A chance tryst with the Kochi-Muziris Biennale has earned a small-time boat builder and his two assistants here an opportunity to visit London. For, an installation the trio helped fix at the ongoing festival here is being shifted to a leading gallery in the British capital.
It was in December last year that Kochiite Simon Desilva was called in to the main venue of India’s pioneering contemporary-art event here. That was to solve a hiccup which Subodh Gupta faced in fixing his huge artwork in the run-up to the biennale.
A massive country-boat that formed the chief component of the Bihar-born artist’s work could not get into a hall in the Aspinwall House which was slotted to house the installation, much to the worry of Gupta.
At this, the Kochi Biennale Foundation (KBF) came up with a solution. Local man Simon was summoned. The grey-haired but stout man promptly joined in with a couple of helpmates.
Soon, they went ahead with an idea that initially shocked many: split into two the boat which is 72 feet long and as wide as 11 feet in the middle. In one night, Simon’s team not only got the installation well under the roof; the boat was back in shape - stitched with coir ropes and minor gaps plugged with coconut husk.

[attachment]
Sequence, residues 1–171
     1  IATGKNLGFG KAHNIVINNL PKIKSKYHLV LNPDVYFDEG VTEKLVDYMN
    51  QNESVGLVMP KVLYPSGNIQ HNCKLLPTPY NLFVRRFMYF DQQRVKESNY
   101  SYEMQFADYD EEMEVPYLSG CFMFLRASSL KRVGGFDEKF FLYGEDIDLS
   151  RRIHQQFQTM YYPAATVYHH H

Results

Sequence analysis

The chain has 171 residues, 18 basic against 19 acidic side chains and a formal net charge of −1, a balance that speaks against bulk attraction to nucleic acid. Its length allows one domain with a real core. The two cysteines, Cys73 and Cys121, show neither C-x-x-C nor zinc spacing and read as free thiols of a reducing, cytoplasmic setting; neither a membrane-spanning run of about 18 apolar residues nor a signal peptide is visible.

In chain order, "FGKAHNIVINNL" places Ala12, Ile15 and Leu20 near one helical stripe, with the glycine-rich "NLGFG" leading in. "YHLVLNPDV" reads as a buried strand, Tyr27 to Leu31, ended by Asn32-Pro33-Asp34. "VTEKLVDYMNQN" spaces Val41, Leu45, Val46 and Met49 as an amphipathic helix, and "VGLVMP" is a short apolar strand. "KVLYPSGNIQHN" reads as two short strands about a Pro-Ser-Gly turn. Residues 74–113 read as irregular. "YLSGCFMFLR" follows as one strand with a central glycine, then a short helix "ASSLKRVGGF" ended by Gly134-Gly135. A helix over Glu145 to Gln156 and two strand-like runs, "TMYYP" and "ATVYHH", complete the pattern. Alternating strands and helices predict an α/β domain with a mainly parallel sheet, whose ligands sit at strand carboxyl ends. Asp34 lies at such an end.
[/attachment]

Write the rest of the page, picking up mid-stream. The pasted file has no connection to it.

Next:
“As professionals, it wasn’t much of a tough task,” recalls Simon. But Gupta was so impressed with the perfection in the job that he is now taking Simon and the two other apprentices to London. There, in the Hauser and Wirth gallery of contemporary art and modern masters, the trio will again work - this time to find Gupta’s installation its permanent place.
Simon is happy about the prospect of a free foreign trip. “I’m getting my old passport renewed,” he says, adding that his son Clement Desilva will substitute him in case the document does not come in time.